This is the first known particle with four of the same kind of quark

The exotic particle could be a unique testing ground for ideas about how quarks interact

tetraquark illustration

A newly discovered four-quark particle (illustrated) is the first to contain all heavy quarks, and more than two quarks of the same kind.


In a never-before-seen particle, four quarks of a feather flock together.

Physicists think they have detected the first conglomerate of four quarks incorporating more than two of the same kind. This tetraquark contains four quarks of the charm variety: two charm quarks and their antimatter counterparts, called anticharm quarks, researchers report online at on June 30.

Quarks — fundamental building blocks of matter — typically make up three-quark particles, like protons and neutrons, or quark-antiquark pairs, like pions and kaons. Physicists have observed some more exotic quark quartets (SN: 4/11/14) and even quintets (SN: 7/14/15). But the new four-quark particle, dubbed X(6900), is the first four-quark particle with all of the same type. Since charm quarks and their anticharm counterparts are among the heaviest types of quarks, it is also the first tetraquark to include more than two heavy quarks.

“It’s a pretty exciting finding,” says physicist Matthew Shepherd of Indiana University Bloomington, who wasn’t involved in the work.

Quarks are bound together by the strong force. Discovering new, exotic quark arrangements “tells us something about the types of patterns of quarks that the strong interaction generates, which tells us something about the strong interaction,” Shepherd says. A deeper knowledge of that fundamental force of nature could give insight not only into quirky particles like X(6900) but also common quark-based particles, like the protons and neutrons in atomic nuclei.

Evidence of the new tetraquark was lurking in data collected from 2009 to 2018 at the Large Hadron Collider, or LHC, near Geneva. In these experiments, physicists used the LHC to smash protons together and observe the particles forged in the collisions.

The LHC data contained signatures of a particle with the mass expected for a quartet of charm quarks: around 6,900 million electron volts. That particle decayed into two J/psi particles, each containing a charm and an anticharm quark, suggesting it was originally a tetraquark with two charm and two anticharm quarks. Like other known tetraquarks, X(6900) could be either a single entity, composed of four quarks all tightly bundled together, or a pair of two-quark particles that are more loosely bound — like a set of atoms in a molecule (SN: 6/7/19).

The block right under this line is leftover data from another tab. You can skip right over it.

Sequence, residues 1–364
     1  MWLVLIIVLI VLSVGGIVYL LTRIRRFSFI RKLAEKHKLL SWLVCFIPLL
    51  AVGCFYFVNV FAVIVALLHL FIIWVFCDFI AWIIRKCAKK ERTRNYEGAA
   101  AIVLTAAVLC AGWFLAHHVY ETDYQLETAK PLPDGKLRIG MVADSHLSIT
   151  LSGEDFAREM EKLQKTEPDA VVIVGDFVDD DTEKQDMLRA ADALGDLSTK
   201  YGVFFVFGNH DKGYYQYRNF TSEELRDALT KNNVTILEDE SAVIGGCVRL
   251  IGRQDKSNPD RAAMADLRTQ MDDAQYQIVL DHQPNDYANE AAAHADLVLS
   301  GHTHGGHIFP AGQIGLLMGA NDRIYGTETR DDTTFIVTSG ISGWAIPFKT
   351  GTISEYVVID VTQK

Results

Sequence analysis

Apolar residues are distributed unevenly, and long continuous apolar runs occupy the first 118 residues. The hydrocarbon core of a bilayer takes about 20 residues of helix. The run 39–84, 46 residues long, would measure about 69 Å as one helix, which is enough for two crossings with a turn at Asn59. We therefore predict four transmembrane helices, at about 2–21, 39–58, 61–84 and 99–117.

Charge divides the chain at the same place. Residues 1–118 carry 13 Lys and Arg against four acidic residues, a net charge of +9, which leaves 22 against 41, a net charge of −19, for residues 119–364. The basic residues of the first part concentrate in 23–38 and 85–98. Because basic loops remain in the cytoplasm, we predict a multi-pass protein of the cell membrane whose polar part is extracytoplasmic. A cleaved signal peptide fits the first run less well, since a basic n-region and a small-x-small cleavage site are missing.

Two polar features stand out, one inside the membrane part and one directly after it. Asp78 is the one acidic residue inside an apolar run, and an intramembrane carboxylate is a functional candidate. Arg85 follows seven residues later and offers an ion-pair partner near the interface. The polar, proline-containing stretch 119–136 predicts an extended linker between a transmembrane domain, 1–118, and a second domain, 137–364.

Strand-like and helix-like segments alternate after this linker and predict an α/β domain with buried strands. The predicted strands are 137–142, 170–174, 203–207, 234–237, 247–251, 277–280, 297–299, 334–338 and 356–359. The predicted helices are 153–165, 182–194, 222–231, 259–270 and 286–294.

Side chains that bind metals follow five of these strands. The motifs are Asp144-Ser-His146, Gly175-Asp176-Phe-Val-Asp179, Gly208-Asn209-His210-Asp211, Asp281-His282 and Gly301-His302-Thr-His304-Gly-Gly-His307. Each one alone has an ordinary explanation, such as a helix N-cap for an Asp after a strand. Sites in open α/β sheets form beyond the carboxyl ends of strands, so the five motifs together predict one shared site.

“We need to do many kinds of checks to confirm that it’s really there,” says study coauthor Liupan An, a particle physicist at the Italian National Institute of Nuclear Physics in Florence. Those checks could include collecting more data with the LHC or seeing if other particle collision experiments produce similar results.

Assuming that the evidence for this exotic quark cluster holds up, the strange new particle offers “a sort of stress tester” for ideas about how quarks construct matter, says study coauthor Chris Parkes, a physicist at the University of Manchester in England. He compares using this tetraquark for studying particle physics to biologists looking at extremophile creatures, like tardigrades, to understand the limits of biology — or to astronomers using black holes to see whether theories about gravity hold up in such intense environments (SN: 4/16/20).

It may be easier to study quark interactions in X(6900) than its other four-quark relatives, which contain lighter quarks, Shepherd says. That’s because it’s notoriously challenging to accurately predict the complex, fast-moving behavior of light quarks. When it comes to the four heavy quarks in X(6900), on the other hand, physicists could potentially build simpler models to predict quark behavior.

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